Dalglish delighted Sir Alex turning up for stadium tribute
Liverpool unveil stand named after Scot today Legend insists Ferguson rivalry was not personal
At the peak of their powers, they were feuding foes who symbolised the bitter rivalry between Liverpool and Manchester United.
Today, Kenny Dalglish and Sir Alex Ferguson will stand side by side as Anfield pays tribute to the Kop legend.
The stadium’s Centenary Stand will become the Kenny Dalglish Stand, and ahead of tomorrow’s match between Liverpool and United, Sir Alex will accompany Sir Bobby Charlton as a VIP guest at a renaming ceremony.
Beneath their sporting enmity, Dalglish says there has always been respect between the two titans of the game.
“His actions speak louder than 1,000 words with him and Sir Bobby coming over,” said Dalglish. “They did exactly the same after Hillsborough. They were over here early. There is rivalry on and off the pitch but when it comes to something like that, there is not even a doubt about it – they will be over here supporting us and hopefully we would do the same for them.
“Away from working, there has never been a problem with him. Never, ever been a problem.
“We defended our clubs and our fans as best we could. How can you criticise someone who is totally supportive of his club? That is what you want as a supporter – someone who is defensive of your club and wants to make a contribution. He made a massive contribution to Manchester United.
“If someone came to manage Liverpool and never stood their corner, I don’t think the punters would be happy with that. He was exactly the same for Manchester United.
“He represents his club fantastically well and I have tried my best to represent the club I was at. I don’t see anything wrong with that.
“After the end of the game, there was never any animosity or dissent from either of us. There would always be a drink.
“When I came back [for a second spell as manager] and we had that first game at Old Trafford, he shouted to me when I was walking on to the pitch ‘are you coming in for a drink after?’ I said: ‘What do you mean? I’ve always been in for a drink!’ He said: ‘Aye, I know. But it’s changed a wee bit now.’ I said: ‘Not for me it hasn’t.’
“You never spoke about football. You never spoke about what happened out there. If you did, you end up arguing, don’t you?”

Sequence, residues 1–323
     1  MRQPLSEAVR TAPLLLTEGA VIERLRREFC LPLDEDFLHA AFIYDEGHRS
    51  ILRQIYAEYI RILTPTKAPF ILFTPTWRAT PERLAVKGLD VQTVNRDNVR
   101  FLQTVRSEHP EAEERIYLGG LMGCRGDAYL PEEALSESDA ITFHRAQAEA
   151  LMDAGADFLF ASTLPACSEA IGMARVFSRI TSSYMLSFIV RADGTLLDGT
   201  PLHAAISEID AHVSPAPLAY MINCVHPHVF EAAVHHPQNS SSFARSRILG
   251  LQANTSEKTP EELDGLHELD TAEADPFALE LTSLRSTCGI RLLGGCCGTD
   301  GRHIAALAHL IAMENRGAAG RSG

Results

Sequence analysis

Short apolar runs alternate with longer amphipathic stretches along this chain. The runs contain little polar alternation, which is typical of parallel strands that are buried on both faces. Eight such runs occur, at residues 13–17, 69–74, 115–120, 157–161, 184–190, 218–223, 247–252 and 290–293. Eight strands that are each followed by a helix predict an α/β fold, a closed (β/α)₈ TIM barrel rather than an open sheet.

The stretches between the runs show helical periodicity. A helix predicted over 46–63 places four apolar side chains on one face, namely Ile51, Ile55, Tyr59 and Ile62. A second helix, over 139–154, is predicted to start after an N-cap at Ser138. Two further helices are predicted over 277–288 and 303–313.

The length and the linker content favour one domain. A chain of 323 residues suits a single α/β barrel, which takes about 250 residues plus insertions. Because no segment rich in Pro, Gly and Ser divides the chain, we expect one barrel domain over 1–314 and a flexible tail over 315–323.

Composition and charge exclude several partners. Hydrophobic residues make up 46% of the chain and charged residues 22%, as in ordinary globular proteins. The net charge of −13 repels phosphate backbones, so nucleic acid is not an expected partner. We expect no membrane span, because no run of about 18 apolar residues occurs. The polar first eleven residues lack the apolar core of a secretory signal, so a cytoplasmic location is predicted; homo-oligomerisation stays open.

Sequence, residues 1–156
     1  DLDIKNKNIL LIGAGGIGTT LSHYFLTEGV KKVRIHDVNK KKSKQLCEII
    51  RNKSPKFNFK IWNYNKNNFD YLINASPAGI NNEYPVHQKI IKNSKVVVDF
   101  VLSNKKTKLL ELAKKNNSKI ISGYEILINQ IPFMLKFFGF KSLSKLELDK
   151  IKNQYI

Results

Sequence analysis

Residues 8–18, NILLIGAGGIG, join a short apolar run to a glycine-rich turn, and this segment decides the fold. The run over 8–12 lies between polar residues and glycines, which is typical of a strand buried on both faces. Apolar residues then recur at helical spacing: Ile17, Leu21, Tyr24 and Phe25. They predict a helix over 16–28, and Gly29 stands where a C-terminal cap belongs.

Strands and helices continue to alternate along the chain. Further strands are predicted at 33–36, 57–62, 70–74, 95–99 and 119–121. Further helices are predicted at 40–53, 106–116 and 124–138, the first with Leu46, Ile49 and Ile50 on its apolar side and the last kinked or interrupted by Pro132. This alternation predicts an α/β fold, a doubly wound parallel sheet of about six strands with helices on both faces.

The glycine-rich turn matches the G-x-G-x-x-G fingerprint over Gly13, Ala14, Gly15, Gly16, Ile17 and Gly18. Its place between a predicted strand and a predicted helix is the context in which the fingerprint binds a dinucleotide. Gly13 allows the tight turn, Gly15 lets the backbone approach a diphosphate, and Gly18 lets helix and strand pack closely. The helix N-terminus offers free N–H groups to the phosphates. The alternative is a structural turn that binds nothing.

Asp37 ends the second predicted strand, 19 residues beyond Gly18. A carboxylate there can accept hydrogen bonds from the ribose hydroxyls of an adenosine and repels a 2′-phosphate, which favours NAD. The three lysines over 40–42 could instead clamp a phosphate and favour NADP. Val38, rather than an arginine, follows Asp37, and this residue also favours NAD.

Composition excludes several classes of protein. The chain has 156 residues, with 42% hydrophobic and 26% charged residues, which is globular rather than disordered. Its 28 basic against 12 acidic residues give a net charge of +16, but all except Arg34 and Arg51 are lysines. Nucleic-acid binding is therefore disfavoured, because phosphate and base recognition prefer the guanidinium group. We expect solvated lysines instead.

Dalglish famously said of Ferguson in 1988 “you’ll get more sense from my six-week-old daughter [Lauren] than you’ll get talking to him.” But any painful memories from scrapes on the touchline have evidently soothed with age. Dalglish ruled English football when Sir Alex arrived at Old Trafford in 1986, and the United manager’s fabled quip about “knocking Liverpool off their perch” was long after Dalglish’s first spell at Anfield, although the duo enjoyed more title rivalry when Dalglish moved to Blackburn.
“If he wanted to get to the top, he had to target Liverpool and Everton, because when he came down here in the Eighties, Liverpool and Everton were winning at least one thing every year,” says Dalglish.
“If you want to get to the top then somebody has to be knocked aside. I don’t think anybody will go back to that time of such success like we did in the Eighties.
“There are so many of them now that have access to finance that can help them out.you don’t have to do
‘His actions speak louder than 1,000 words. Him and Sir Bobby did the same after Hillsborough’
it in one transfer window, it may take four or five, but no matter. It took Fergie a long time to do it at Man United so I don’t see what the impatience is about at other places.”
Alongside the former rivals, Liverpool glitterati will be attending the unveiling of the stand. Dalglish says he was initially concerned when summoned to a meeting with the club’s owners to be informed of their plans. “I thought I was getting the sack again, but it was a happy story this time,” Dalglish, a nonexecutive director at the club, joked. “I don’t know if I will sit in it. I’ve not even got a car-park space.
“For everybody, for all the family, it is immensely proud that your name is on the stand. We only came here for football and to end up at that level is beyond everybody’s expectations and possibilities. To manage and play for the club was a great enough achievement and, to get your name up on the stand, it just goes beyond expectations.”
Child’s play: Kenny Dalglish referred to his daughter in a Ferguson put-down